“I will not be taken down, I am a new machine!’ says aspiring athlete Tyler Williams (Kelvin Harrison Jr) in this brutal yet lyrical drama from Trey Edward Shults for the A24 imprint. The writer/director’s follow-up to It Comes At Night is not typical of the A24 label, a sprawling but tightly conceived film that has lineage to Robert Redford’s Ordinary People or even the witness/victim dynamic of Amores Perros, but successfully finds its own intense voice. A curious broken-backed structure to the narrative makes it a tricky one to review, but spoilers should not be required to gain appreciation.
Waves deals with family life; Tyler is a young man with a big future, and he’s a big name on his school wrestling team. But Tyler gets bad news when he finds out he has a potentially life-changing sports injury, and simultaneously finds out that his girlfriend has missed her period. Tyler’s father (Sterling K Brown) and sister Emily (Taylor Russell) try to reach out to him, but drink, drugs, peer-pressure and depression all take a toll until a moment of violence turns their lives apart and sends Tyler’s life in a different direction. a key visual motif frames Tyler looking in mirrors; the reflection never seems to match up, indicating the disconnect between how the teen sees himself and how he is.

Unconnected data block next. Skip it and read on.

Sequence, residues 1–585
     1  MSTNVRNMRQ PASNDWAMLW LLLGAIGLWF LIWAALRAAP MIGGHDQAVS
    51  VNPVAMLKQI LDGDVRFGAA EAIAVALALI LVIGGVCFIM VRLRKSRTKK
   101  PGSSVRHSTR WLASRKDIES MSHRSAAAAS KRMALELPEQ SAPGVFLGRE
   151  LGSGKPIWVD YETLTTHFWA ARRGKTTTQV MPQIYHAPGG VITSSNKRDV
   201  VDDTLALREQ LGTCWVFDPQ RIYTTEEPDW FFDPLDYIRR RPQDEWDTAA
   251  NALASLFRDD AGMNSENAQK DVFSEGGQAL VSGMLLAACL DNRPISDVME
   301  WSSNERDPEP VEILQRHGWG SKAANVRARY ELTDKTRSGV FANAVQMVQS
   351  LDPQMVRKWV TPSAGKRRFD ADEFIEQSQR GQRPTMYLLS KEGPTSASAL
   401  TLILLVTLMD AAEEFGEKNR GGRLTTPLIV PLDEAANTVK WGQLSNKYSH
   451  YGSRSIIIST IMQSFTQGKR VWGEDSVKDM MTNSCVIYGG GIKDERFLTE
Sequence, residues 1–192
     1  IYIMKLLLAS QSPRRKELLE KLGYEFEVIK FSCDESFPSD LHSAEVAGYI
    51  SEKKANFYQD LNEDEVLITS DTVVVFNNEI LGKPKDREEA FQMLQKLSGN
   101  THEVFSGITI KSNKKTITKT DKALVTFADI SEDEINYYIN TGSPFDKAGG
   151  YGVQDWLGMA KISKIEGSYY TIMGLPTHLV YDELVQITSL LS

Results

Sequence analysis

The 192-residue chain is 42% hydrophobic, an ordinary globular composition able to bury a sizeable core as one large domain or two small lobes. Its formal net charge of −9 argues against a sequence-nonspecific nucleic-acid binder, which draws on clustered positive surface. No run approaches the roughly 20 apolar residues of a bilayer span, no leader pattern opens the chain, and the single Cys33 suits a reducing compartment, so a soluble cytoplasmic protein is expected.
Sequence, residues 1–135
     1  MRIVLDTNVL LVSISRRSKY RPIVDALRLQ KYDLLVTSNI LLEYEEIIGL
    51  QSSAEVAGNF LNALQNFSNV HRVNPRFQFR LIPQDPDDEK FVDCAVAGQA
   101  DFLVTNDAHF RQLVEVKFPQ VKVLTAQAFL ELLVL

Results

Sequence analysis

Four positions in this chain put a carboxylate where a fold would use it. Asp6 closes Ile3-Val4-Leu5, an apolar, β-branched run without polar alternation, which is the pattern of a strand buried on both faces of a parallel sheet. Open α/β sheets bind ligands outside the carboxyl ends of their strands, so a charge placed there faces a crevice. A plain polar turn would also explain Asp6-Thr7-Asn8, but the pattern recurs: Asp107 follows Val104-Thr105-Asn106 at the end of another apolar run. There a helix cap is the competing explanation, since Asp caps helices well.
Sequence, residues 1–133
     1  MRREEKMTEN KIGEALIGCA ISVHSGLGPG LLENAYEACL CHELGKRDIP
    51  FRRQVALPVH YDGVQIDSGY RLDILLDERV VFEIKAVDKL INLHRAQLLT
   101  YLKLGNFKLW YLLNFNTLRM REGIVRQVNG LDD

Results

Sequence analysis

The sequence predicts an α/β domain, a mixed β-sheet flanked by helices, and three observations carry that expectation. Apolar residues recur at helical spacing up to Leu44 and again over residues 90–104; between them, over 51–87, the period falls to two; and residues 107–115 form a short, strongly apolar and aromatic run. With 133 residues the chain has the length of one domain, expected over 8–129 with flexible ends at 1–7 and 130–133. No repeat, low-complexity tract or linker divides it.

Waves takes place amongst the well-monied set of South Florida, and although Tyler and his family appear well-off, it’s clear that they’ve had to fight for what they have. That resilience makes a difference in the film’s final act, but until then, there’s a powerful willingness to dance with the darkness of Tyler’s rage which gives it the feel of a suburban Full Metal Jacket. Brown and Harrison are both compelling as father and son out of sync, while Russell deserves her Independent Spirit nomination in a difficult role. Waves features fluent, nimble camerawork, wild, striking, hallucinogenic visuals, and also a score with Trent Reznor’s broken-fridge fingerprints all over it; the whole film pulses with light and noise.
A white man’s view of black family life is a hard sell in 2019/20, and Waves seems to have fallen between two stools as a potential awards darling. But despite the presence of the permanently shaggy Harmony Korine, Shults pulls off a film that is anything but a quirky indie, but a pumped-up evocation of modern life as a living hell. That Waves travels further than that, and attempts to look at what happens after the chickens come home to roost, is admirable, and even if awards voters didn’t fancy it, last year’s Beale Street crowd really should give Waves a look.